Griffin sees everything that he has gone through, the ups and the downs of his career, as “a blessing in disguise,” not only because it gives him all of the insight needed to be the perfect mentor for Jackson but also because it has provided him with more certainty on his own path. Because, yes, while he wants to give Jackson the guidance he needs to be a star, Griffin is also here in Baltimore to prove that he can still play quarterback in the NFL at a high level.

“If I hadn’t gone to where I was and where I’ve been,” Griffin says, “I would never know how to get back here and I wouldn’t know if I really loved the game. You can say you love something, but until you get challenged the way that I’ve been challenged over the course of my career, you don’t know. It showed me that this is what God is calling me to do.”

Griffin is reticent to make comparisons between Jackson and himself, or Michael Vick—like linebacker C.J. Mosley did earlier this week—or any other quarterback because he doesn’t think that is fair to anyone. But he will offer this assessment:

“When you are in rare air with your talent and ability,” he says, “you have an opportunity to do things that haven’t really been seen. At the end of the day Lamar Jackson simply has to do Lamar Jackson things.”

Other minicamp notes

• At Thursday’s practice, Jackson got the vast majority of the snaps. John Harbaugh said that offensive coordinator Marty Mornhinweg made the decision to give the rookie “a chance, putting the pressure on him to have to really run the whole practice, operate the offense.” And while the insights that can be gleaned from minicamp are admittedly tenuous, as defenses are not allowed to tackle or really touch offensive players, Jackson impressed with both his arm and his legs. He threw several nice deep balls, hitting multiple different receivers in stride for long gains. On one broken-down play during 7-on-7 drills, he bounced outside and cut upfield, splitting two defenders, then displayed his patented burst of speed—even with things operating not quite at full speed, Jackson’s athleticism and quickness is obvious. Not all was perfect, though, of course, as he seemed to struggle a bit with intermediate throws, often throwing behind receivers as they ran in-breaking routes.

• Harbaugh’s response to a question about how Jackson has fit in on the team, while a mouthful, is interesting. “Since he’s got here, he’s been all ears, so to speak. He wants to learn, is a very hard worker, very smart guy—probably as a much as anybody. Sometimes, it’s knowing what you don’t know. Some guys don’t know, and they don’t know that they don’t know. He knows a lot, but he also knows what he doesn’t know—which is the type of an offense and the type of systems that he’s going to be exposed to in this league are far different than what he did in college. It’s just a different game.”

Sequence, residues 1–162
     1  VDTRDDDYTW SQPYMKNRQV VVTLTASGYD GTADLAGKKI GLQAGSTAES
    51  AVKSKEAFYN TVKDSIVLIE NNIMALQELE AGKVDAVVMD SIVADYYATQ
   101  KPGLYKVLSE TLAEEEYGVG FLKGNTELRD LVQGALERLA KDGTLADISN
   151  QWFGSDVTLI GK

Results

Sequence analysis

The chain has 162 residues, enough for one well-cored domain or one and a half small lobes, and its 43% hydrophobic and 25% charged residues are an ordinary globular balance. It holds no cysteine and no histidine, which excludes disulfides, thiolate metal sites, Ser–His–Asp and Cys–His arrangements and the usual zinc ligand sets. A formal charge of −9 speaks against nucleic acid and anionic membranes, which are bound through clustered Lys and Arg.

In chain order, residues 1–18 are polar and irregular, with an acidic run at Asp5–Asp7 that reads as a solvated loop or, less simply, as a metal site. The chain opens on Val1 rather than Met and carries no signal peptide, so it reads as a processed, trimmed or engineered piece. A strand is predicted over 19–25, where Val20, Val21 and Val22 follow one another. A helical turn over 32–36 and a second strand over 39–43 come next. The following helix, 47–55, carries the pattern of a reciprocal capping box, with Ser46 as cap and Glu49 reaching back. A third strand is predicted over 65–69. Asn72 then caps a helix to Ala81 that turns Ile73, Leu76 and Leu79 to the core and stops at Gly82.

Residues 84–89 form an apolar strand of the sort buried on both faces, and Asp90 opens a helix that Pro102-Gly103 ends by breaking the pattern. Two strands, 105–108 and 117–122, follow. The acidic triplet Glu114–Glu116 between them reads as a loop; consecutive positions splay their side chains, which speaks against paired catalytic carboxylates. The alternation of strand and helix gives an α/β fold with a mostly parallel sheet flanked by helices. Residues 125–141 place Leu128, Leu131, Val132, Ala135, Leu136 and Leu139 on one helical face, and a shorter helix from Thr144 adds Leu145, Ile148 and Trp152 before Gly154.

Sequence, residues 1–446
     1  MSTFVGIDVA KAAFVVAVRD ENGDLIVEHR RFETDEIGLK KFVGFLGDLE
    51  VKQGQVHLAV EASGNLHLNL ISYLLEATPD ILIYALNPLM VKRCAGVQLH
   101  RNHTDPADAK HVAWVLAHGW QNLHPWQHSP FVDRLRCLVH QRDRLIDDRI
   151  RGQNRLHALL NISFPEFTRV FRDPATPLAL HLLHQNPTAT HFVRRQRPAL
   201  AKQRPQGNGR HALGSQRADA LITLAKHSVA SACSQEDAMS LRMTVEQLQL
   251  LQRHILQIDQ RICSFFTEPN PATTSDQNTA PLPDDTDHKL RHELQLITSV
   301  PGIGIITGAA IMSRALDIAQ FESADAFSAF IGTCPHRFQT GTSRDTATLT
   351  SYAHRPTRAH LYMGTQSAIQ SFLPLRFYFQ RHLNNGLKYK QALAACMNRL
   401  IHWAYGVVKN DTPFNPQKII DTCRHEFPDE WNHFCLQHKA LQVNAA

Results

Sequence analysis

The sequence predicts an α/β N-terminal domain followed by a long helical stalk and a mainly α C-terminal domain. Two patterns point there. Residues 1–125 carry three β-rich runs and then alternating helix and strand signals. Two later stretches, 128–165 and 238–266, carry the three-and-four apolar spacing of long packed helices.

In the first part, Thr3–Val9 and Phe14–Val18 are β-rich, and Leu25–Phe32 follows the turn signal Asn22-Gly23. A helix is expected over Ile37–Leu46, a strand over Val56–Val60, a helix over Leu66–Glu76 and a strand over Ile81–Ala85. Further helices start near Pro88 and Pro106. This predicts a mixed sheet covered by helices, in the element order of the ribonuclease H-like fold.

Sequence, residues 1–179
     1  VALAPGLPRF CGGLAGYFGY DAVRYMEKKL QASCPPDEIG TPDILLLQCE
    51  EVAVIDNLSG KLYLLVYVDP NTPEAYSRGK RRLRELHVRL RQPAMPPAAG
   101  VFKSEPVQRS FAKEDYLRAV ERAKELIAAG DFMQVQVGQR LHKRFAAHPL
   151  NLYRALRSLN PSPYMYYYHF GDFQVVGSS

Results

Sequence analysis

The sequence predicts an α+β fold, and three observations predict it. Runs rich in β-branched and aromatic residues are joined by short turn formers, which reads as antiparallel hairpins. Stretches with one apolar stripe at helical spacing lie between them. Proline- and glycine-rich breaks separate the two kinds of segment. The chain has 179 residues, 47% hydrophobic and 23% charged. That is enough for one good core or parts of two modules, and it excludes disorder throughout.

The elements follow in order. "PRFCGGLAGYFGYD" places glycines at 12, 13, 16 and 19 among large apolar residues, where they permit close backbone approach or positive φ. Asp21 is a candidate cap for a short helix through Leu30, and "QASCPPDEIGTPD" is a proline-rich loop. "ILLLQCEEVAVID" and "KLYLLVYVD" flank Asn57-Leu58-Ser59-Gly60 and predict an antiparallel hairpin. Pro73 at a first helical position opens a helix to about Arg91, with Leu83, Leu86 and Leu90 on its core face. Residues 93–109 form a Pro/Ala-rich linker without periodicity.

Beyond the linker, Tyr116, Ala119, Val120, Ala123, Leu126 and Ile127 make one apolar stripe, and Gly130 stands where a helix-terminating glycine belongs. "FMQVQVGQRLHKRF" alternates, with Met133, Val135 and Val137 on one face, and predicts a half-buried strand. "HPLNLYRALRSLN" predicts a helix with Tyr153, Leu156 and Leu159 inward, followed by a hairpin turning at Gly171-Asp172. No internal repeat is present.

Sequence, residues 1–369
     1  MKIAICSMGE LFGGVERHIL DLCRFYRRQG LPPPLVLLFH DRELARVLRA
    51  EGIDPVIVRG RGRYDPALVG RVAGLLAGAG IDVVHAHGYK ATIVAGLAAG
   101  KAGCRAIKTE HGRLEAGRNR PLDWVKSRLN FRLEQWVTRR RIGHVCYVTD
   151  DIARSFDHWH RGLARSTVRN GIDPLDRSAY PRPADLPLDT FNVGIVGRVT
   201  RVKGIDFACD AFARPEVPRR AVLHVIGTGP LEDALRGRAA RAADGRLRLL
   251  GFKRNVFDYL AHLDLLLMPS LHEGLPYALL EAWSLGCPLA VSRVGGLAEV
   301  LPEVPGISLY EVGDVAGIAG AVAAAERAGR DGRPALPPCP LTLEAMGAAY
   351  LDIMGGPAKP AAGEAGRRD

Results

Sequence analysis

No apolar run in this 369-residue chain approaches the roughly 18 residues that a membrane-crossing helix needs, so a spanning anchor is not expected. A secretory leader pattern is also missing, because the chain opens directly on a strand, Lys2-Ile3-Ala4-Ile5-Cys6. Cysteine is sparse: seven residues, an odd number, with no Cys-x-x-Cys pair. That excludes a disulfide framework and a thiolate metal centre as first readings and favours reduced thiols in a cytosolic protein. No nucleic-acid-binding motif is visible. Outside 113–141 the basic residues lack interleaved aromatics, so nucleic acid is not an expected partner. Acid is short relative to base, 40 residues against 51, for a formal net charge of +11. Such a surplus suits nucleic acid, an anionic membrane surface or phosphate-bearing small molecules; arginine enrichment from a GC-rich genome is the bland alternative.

• While Jackson is getting the majority of the attention, it is still Flacco’s team (despite not getting many reps on Thursday), and the quarterback has been locked in all offseason. Safety Eric Weddle hypothesized that the increased QB competition has lit a fire under Flacco and caused him to elevate his game, while there is also the belief that he is entering this year healthier than he has been in years past. When asked about how he feels, Flacco said the biggest improvement for him this year has been in his movement. “Extending plays and stepping up in the pocket,” he says. “And not just stepping up in the pocket, but scrambling out and making plays on the run.

• The Ravens receiving group is almost entirely brand new this year, with the additions of Michael Crabtree, Willie Snead and John ‘Smoke’ Brown. And while Brown and Crabtree didn’t practice on Thursday—and as a result there were a litany of drops—one must assume that the group will be an improvement from last season’s abysmal showing. The team has had five different players lead the team in receptions over the last six seasons; Mike Wallace led the team in 2017, with 748 yards, good for 40th in the league. Crabtree will need to find more success in that lead receiver role this season for the Ravens to have any chance at making a postseason run.

• While Terrell Suggs didn’t practice on Thursday, he did speak at the podium, which is always fun. When about the change in vibe with the defense after Dean Pees retired (and then took the Titans job less than a month later) and was replaced by Wink Martindale, known to be a more aggressive play-caller. Suggs responded, “I’m not going to tell you, because we also have some other guys who are also listening to this interview. But, most definitely. It’s changed a lot. We’re happy about it.” While the Ravens defense was good last season—sixth in points allowed, 10th in passing yards allowed and 15th in rushing yards allowed—they faltered late in games. The Ravens are a team that is always predicated on their staunch defense, and they’ll be hoping that the unit takes another leap forward this season.